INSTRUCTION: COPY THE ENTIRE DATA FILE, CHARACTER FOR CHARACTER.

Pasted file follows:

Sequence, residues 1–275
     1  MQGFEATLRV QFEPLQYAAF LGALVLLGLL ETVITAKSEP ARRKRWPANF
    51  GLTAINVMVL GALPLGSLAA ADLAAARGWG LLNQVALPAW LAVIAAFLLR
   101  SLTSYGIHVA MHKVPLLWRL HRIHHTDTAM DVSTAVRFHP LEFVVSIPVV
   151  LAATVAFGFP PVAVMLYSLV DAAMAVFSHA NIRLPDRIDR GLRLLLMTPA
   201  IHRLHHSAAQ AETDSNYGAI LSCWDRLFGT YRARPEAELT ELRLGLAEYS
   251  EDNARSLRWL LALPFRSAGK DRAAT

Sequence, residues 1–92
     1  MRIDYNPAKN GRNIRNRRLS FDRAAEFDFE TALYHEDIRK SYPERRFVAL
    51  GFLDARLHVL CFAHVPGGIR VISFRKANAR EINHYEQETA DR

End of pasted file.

Sequence, residues 1–275
     1  MQGFEATLRV QFEPLQYAAF LGALVLLGLL ETVITAKSEP ARRKRWPANF
    51  GLTAINVMVL GALPLGSLAA ADLAAARGWG LLNQVALPAW LAVIAAFLLR
   101  SLTSYGIHVA MHKVPLLWRL HRIHHTDTAM DVSTAVRFHP LEFVVSIPVV
   151  LAATVAFGFP PVAVMLYSLV DAAMAVFSHA NIRLPDRIDR GLRLLLMTPA
   201  IHRLHHSAAQ AETDSNYGAI LSCWDRLFGT YRARPEAELT ELRLGLAEYS
   251  EDNARSLRWL LALPFRSAGK DRAAT

Sequence, residues 1–92
     1  MRIDYNPAKN GRNIRNRRLS FDRAAEFDFE TALYHEDIRK SYPERRFVAL
    51  GFLDARLHVL CFAHVPGGIR VISFRKANAR EINHYEQETA DR